Your shoulders are tasked with a wide range of movements, from simple chores like brushing your teeth to more athletic actions like launching a baseball. Though your body makes it look easy, these dynamic moves are the result of several muscles and tendons working together in the rotator cuff anatomy.
The rotator cuff consists of four muscles connecting the scapula and humerus:
- supraspinatus, which ab-ducts the arm;
- infraspinatus, which externally rotates the shoulder;
- teres minor, which also assists in external rotation; and
- subscapularis, which helps with internal rotation.
These muscles—referred to as the SITS muscles—form a cuff around the glenohumeral joint at the shoulder. During arm movements, the rotator muscles contract and compress the head of the humerus against the ball-and-socket joint cavity, allowing full range of motion and mobility while providing stability (Maruvada, Madrazo-Ibarra & Varacallo 2020; Physiopedia 2021).
Look over your shoulder anatomy with more facts about the rotator cuff:
- The supraspinatus muscle is the one rotator cuff muscle that assists only with arm abduction, not with rotation (Maruvada, Madrazo-Ibarra & Varacallo 2020).
- Rotator cuff injuries are commonly caused by im–proper athletic technique, poor posture, subpar conditioning, and failure of the subacromial bursa—the fluid sac that provides cushioning—to protect the supporting tendons. This can result in acute inflammation, calcification, degenerative thinning or a tendon tear (Maruvada, Madrazo-Ibarra & Varacallo 2020).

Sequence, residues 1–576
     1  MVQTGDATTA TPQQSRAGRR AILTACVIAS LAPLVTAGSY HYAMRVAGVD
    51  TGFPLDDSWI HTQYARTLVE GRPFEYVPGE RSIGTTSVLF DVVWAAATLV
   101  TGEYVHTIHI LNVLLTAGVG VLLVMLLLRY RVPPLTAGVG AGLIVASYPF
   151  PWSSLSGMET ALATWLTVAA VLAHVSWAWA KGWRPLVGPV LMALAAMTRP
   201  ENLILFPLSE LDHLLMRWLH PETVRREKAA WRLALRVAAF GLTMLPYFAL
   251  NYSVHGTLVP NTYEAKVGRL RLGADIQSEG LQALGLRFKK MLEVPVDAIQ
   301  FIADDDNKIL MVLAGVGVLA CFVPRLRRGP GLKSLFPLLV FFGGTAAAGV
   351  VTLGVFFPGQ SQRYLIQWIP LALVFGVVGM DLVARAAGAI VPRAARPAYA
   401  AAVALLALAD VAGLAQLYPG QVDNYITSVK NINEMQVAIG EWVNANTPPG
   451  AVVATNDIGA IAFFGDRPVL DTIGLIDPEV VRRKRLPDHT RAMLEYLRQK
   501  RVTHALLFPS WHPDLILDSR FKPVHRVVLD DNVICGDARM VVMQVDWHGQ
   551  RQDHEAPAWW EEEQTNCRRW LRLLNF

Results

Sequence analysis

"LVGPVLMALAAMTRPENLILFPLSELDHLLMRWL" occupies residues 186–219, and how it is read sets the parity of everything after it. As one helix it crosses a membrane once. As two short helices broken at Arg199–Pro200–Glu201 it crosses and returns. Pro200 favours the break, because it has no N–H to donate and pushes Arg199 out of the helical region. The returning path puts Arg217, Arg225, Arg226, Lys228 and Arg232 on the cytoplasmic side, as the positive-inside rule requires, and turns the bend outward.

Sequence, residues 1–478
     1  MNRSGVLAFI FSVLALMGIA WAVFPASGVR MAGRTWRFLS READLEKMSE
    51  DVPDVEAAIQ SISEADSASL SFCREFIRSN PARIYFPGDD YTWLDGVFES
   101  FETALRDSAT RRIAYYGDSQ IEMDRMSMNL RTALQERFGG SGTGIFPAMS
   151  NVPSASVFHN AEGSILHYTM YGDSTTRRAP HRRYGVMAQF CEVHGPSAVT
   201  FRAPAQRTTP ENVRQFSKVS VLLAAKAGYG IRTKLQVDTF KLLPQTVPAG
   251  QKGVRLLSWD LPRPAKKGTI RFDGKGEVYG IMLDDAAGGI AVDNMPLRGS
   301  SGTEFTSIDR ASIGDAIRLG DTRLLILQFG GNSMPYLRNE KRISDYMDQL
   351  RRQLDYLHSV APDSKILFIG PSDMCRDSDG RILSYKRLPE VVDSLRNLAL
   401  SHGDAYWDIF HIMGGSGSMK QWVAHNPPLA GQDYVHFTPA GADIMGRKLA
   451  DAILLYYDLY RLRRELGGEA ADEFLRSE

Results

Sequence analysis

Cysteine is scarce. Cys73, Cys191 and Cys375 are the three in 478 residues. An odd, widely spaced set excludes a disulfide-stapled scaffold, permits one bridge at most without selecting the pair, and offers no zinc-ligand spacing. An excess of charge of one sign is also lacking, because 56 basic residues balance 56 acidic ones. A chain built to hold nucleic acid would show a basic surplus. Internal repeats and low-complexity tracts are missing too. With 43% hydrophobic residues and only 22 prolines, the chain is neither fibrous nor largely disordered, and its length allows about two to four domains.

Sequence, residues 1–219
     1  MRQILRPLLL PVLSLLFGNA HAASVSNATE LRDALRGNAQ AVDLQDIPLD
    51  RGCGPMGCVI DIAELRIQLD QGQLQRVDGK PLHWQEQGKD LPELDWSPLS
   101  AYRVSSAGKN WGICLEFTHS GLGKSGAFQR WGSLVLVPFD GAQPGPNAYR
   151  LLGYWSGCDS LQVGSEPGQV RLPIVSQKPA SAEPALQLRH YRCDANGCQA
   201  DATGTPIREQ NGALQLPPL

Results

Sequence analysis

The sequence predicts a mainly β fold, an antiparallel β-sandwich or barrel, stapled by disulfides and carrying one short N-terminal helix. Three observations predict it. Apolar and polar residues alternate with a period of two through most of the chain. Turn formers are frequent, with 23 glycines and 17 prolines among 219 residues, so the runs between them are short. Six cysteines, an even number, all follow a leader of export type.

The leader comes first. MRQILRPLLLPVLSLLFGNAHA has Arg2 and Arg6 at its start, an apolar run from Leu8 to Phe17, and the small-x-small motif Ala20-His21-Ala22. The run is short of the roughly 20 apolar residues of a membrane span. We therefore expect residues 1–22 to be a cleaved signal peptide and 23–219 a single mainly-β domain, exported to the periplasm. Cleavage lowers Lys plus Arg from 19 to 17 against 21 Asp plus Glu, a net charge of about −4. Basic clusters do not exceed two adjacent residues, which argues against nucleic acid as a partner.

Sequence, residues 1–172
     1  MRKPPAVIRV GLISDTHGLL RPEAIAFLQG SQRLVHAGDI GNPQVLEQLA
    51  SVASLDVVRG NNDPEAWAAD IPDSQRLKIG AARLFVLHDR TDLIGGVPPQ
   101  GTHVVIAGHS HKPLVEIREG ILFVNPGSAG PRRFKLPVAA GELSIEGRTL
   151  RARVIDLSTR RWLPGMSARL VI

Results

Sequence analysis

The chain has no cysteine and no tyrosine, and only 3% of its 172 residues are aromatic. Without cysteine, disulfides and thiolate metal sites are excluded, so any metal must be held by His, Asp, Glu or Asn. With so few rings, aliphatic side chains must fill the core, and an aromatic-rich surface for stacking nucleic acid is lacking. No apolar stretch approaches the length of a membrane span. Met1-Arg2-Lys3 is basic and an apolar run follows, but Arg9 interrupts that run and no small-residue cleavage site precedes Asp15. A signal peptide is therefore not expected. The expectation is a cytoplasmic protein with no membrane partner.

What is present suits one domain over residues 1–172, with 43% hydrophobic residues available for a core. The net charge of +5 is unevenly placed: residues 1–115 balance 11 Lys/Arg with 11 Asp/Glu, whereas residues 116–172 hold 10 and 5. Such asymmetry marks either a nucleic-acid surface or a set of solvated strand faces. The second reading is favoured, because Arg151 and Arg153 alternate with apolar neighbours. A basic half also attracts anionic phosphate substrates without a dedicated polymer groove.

- Roughly half of people with a rotator cuff tear can relieve pain and improve function through nonsurgical treatments, including rest, movement modification, anti-inflammatory medication, physical therapy and steroid injections (Rush 2021).
- You can exercise your internal and external shoulder rotation muscles with less strain if you choose resistance bands and keep your elbows bent at 90 degrees. Using weights and keeping your arms straight places extra stress on the rotator cuff (Rush 2021).
- Vitamin D can assist in healing a rotator cuff tear. The sunshine vitamin increases bone mineral density and strengthens skeletal muscles. Research shows it may also help tendon-to-bone healing (Dougherty, Dilisio & Agrawal 2016).
See also: Prep the Shoulders Before Play
Dougherty, K.A., Dilisio, M.F., & Agrawal, D.K. 2016. Vitamin D and the immunomodulation of rotator cuff injury. Journal of Inflammation Research, 9 (1), 123–31.
Maruvada, S., Madrazo-Ibarra, A., & Varacallo, M. 2020. Anatomy, rotator cuff StatPearls. Accessed Feb. 25, 2021: ncbi.nlm.nih.gov/books/NBK441844.
Physiopedia. 2021. Rotator cuff. Accessed Feb. 25, 2021: physio-pedia.com/Rotator_Cuff.
Rush. 2021. 5 facts about shoulder injuries. Accessed Feb. 25, 2021: rush.edu/news/5-facts-about-shoulder-injuries.
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